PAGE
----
Labour’s attack plan for the summer recess has been to complete a volte-face on last year’s holiday season, when leader Ed Miliband’s Shadow Cabinet up and left to go on their holidays and Ed saw the Tories take momentum into the autumn. This year Shadow Cabinet Ministers are each being required to give a series of speeches on ‘The Choice’ between Labour and the Conservatives, which are beginning to amount to run of the mill policy re-announcements and cross-briefing across the Shadow Cabinet.
This is not to say that the idea does not have some foundation, as there is much traction to be made through a familiarity with the electorate beyond a party leader and disliked Shadow Chancellor, but endless speeches on a number of sporadic topics has meant that Labour has not managed to grab the news agenda with its announcements. Admittedly not helped by events in Gaza and Ukraine or by a certain blonde’s flirtations with a parliamentary seat, Labour figures have failed to really hit home with speeches so far this summer. The most widely publicised speeches, by Yvette Cooper on domestic violence and Andy Burnham on the future of the NHS, saw commentators arguing over the merits of the attacks on Government policy, as opposed to Labour’s own plans, thus ensuring that audiences missed the messages that they were supposed to be receiving.
To compound matters, Andy Burnham’s arguments for a levy on the value of estates after death to fund social care (commonly referred to as a Death Tax) were instantly shot down by his own Shadow Chancellor. If the party cannot agree on the messaging internally, how is it supposed to convince a sceptical public that it has a coherent vision as to how best to steer the good ship United Kingdom? Moreover, many of the speeches have contained vague promises with again little detail. And, as pointed out by Damian McBride, ever quick to criticise Miliband, whilst Labour’s policies may gain traction with industry bodies and academics – no surprise given they are driven by a policy review process itself heavily influenced by industry bodies and academics – they are not resonating with the wider public in the way that, say, a sustained economic recovery and promises of tax breaks are likely to.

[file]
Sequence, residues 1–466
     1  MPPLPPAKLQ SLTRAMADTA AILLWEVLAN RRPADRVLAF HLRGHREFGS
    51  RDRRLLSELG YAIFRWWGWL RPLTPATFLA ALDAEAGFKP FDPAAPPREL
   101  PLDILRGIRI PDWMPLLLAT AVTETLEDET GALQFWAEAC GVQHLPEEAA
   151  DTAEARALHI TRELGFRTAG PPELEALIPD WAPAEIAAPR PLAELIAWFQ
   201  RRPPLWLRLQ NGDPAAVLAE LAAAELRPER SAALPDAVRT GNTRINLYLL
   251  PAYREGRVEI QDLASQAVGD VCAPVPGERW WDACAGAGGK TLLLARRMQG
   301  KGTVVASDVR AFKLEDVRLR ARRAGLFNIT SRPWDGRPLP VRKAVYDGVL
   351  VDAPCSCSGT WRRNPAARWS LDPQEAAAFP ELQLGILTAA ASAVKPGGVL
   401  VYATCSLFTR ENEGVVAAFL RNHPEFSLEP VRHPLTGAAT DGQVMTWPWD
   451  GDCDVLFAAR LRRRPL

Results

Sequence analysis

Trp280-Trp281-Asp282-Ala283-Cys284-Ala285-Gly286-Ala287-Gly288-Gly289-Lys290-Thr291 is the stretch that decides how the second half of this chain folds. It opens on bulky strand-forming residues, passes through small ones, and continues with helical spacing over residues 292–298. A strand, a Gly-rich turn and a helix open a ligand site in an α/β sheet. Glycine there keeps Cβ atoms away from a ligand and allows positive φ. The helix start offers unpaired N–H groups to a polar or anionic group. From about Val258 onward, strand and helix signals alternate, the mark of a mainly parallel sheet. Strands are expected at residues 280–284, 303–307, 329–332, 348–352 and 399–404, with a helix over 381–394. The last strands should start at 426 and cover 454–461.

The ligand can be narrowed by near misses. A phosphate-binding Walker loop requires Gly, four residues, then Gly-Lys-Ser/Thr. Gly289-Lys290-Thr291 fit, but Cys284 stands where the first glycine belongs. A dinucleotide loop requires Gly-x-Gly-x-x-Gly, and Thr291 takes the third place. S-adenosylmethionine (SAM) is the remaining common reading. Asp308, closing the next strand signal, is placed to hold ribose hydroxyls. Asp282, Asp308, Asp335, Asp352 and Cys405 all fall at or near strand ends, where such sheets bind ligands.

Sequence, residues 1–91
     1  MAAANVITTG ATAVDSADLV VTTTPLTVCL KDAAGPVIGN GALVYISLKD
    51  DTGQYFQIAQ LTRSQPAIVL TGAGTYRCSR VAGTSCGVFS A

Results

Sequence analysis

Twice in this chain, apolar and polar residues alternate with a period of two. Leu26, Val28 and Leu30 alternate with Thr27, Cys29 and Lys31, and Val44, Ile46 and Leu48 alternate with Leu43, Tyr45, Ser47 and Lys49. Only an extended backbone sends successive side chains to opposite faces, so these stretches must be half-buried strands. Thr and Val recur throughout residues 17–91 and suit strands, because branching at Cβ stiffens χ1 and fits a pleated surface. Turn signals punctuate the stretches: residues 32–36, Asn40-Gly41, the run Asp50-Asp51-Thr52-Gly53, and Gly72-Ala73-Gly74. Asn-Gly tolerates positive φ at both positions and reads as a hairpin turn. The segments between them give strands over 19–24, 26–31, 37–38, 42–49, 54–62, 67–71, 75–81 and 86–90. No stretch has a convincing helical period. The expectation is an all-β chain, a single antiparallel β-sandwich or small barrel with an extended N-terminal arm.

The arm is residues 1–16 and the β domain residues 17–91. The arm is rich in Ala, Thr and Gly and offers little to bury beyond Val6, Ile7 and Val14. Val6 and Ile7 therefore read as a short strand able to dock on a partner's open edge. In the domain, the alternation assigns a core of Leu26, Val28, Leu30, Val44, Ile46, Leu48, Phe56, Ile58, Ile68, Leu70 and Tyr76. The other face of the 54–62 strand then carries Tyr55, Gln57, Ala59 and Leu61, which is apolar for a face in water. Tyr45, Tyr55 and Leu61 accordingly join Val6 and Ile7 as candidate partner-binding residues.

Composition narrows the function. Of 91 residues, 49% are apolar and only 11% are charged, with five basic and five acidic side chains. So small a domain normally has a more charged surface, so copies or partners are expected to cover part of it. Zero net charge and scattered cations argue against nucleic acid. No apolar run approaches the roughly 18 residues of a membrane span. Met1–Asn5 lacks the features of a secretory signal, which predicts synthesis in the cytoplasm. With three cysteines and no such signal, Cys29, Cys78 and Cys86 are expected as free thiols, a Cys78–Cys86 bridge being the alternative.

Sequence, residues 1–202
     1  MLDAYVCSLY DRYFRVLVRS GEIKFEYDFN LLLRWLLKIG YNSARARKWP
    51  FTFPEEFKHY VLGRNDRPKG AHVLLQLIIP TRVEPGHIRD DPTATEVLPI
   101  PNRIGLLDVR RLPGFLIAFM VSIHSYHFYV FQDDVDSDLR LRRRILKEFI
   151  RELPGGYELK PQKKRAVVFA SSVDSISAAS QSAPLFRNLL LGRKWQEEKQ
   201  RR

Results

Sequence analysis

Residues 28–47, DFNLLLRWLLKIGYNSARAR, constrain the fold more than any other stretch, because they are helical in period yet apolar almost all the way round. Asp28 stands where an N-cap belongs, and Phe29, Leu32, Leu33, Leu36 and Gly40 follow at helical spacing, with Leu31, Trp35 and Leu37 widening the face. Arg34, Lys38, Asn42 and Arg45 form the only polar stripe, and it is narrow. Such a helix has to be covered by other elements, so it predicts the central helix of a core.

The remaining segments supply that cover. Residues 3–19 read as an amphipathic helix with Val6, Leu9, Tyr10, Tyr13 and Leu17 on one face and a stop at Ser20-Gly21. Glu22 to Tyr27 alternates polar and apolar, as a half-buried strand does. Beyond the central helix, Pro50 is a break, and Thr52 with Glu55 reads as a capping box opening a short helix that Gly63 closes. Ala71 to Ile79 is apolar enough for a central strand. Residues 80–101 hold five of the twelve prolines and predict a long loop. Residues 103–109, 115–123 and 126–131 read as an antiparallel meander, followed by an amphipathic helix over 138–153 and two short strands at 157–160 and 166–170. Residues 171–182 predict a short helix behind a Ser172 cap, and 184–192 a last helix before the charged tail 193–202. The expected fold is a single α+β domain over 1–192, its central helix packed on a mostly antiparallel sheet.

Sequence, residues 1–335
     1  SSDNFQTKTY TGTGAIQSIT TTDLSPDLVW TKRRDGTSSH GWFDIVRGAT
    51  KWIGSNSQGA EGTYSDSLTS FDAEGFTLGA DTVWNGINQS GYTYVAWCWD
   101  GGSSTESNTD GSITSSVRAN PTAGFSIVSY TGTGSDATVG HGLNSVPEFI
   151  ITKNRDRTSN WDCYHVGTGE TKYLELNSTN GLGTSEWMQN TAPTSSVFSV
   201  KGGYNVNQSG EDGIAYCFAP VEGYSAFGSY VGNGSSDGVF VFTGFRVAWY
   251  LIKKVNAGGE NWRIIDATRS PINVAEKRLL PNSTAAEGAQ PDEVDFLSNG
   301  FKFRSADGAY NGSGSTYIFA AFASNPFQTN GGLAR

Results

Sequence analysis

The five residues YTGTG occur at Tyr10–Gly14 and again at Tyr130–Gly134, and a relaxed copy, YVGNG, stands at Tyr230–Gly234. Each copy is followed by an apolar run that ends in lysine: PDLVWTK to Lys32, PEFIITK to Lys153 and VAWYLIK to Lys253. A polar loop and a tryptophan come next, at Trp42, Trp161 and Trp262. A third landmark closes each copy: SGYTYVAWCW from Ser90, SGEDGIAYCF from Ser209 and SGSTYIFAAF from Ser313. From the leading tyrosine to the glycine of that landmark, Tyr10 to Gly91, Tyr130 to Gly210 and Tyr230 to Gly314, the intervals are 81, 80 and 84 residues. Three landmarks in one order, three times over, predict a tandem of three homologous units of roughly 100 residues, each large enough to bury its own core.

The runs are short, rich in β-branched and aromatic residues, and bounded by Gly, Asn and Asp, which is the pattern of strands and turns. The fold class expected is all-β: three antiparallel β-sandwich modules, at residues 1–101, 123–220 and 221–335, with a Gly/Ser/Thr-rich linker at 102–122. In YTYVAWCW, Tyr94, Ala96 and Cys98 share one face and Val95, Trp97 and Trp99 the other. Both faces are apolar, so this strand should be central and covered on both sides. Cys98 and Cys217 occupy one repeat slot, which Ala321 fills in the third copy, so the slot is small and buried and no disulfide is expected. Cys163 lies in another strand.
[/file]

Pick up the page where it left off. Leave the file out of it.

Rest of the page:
What this all means is that the Party could well be diluting its message before the Party Conference in October, one of the only times that a politician’s set-piece speech will really be heard by the public, and in terms of the general election campaign the true starting gun that enables the parties and the public to see who has emerged out of the blocks the quickest.
Looking forward to next May, at the moment the Labour Party appears to be jogging along and going through the motions, content with a poll lead which would see it limp to a majority next year. A series of underwhelming speeches highlighting the difference between Labour and the Conservatives isn’t going to make the public go doolally over Miliband the way it did over Blair. Miliband and his team need to get their heads out of the policy quicksand and confidently grasp the direction that they want to take the country in from 2015, if they are to truly convince voters of their credentials when polling takes place in May.